Credit Card Signature Requirements Going Away

Editor’s Note: This column was written by Art Lieberman and was featured in the California Association of RV Parks and Campgrounds’ Weekly Member Update. Art Lieberman is president of MCPS for Campgrounds and has been in the industry for over 18 years and has been conducting free webinars online and seminars on credit cards in many State and Regional Association Conventions. He can be contacted at 877-858-9010 or at

The word has gone out. Soon Visa, MasterCard, Discover and American Express will no longer require merchants to obtain signatures for credit and debit card transactions.

The reason for signatures at the point-of sale, were originally required to validate a match to the customers signature on the receipt. Now with the introduction of the EMV technology and the chip cards, signatures are no longer necessary, at least at point-of-sale. This new regulation went into effect for STAR debit cards this past April 1st.

Little by little, the requirements for signatures will be totally disappearing within the foreseeable future. This was expected because of the nature of the CHIP cards requiring only a PIN number. Transactions may still require signatures when chip cards are not recognized or the terminal is not totally re-programmed for PIN transactions, but not for much longer.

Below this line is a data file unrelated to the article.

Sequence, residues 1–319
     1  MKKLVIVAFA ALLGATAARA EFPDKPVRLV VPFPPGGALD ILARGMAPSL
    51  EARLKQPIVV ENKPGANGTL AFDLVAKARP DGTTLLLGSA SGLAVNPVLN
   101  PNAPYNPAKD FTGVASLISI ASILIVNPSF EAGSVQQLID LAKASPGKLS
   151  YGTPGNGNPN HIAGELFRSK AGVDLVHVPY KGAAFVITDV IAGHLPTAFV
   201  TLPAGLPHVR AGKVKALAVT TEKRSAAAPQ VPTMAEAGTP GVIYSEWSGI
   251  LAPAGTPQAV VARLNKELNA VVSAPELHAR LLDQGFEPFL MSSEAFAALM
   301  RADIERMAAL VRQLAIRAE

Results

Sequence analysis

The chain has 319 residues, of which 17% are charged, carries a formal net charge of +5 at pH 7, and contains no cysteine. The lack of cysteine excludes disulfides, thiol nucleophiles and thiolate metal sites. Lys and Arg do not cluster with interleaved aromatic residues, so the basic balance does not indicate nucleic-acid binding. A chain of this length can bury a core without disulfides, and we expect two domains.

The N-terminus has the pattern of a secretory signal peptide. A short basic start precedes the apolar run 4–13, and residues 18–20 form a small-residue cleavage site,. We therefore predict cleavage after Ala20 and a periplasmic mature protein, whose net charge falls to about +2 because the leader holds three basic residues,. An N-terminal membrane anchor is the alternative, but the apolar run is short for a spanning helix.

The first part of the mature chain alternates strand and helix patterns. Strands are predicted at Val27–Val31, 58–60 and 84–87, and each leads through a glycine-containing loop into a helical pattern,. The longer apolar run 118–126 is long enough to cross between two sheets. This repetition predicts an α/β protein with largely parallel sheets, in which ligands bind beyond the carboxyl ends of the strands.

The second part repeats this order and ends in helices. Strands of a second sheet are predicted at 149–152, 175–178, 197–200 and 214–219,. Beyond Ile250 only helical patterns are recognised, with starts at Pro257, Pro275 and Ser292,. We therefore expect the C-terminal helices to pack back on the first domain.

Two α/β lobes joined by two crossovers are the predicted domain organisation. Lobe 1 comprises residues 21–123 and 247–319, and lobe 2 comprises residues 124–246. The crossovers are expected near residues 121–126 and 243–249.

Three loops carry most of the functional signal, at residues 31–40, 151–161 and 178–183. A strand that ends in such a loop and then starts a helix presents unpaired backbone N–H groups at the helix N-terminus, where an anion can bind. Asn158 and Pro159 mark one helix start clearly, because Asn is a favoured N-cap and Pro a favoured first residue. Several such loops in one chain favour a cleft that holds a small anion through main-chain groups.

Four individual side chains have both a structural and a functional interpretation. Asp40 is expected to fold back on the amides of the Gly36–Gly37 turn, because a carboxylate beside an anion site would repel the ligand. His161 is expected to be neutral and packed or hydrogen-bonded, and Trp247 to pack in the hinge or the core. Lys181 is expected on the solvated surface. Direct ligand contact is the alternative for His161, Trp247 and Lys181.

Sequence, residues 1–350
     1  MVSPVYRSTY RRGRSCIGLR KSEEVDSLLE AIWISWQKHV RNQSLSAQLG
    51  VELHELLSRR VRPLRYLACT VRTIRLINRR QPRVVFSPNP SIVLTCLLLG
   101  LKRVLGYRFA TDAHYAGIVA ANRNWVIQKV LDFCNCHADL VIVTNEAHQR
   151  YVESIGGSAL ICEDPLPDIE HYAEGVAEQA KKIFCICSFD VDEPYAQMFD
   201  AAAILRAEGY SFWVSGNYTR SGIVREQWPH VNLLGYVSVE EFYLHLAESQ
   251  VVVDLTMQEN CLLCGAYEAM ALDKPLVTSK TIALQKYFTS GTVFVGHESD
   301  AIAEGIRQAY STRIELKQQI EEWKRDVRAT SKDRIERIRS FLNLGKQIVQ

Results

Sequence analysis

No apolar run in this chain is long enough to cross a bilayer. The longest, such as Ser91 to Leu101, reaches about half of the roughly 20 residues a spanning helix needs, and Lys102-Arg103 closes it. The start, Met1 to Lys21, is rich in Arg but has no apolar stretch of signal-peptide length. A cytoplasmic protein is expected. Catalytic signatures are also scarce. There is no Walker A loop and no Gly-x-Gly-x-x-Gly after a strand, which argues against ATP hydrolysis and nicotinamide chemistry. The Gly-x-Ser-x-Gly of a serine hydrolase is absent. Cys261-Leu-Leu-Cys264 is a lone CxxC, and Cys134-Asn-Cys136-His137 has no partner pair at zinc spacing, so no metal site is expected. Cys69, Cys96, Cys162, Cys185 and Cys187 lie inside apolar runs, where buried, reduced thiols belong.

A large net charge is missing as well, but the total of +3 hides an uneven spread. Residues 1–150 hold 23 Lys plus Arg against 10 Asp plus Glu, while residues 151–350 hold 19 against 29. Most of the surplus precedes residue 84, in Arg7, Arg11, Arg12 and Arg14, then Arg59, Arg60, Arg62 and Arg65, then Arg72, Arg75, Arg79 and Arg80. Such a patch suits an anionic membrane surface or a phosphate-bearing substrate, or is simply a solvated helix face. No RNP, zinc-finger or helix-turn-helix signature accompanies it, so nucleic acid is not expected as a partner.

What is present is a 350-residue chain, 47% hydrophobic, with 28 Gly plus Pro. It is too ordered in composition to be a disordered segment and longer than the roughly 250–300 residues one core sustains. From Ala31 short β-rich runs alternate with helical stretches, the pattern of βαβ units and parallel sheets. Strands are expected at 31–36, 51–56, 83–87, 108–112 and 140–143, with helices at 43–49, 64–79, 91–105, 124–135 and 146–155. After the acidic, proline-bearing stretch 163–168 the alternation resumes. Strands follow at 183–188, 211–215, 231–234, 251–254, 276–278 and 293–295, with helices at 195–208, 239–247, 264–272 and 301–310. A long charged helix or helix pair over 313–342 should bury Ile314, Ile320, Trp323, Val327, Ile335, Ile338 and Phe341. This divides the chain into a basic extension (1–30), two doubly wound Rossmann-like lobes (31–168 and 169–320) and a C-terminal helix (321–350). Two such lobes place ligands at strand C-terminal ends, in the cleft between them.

Here are some of the benefits that abolishing signature-based transactions have in favor of PIN transactions.
• This will shorten lines in checkout where signatures were once required.
• No signature comparison will be necessary (not that that ever happened).
• No signature need be supplied to prove disclosure of refunds.
• No Chargebacks can be exercised due to lack of signature.

These exclusions do not include “Card Not Present’ transactions. These transactions over the Web or by phone have never been intended to overcome the CHIP card problems, which have allowed counterfeiters and criminals to steal data from consumers. This theft reached a peak in 2015, when it was estimated that credit card and identity theft reached a peak of near $800 billion. For several years the Europay MasterCard Visa (EMV) chip cards were used in Europe and gradually credit card theft declined.

To read more on this column click here.


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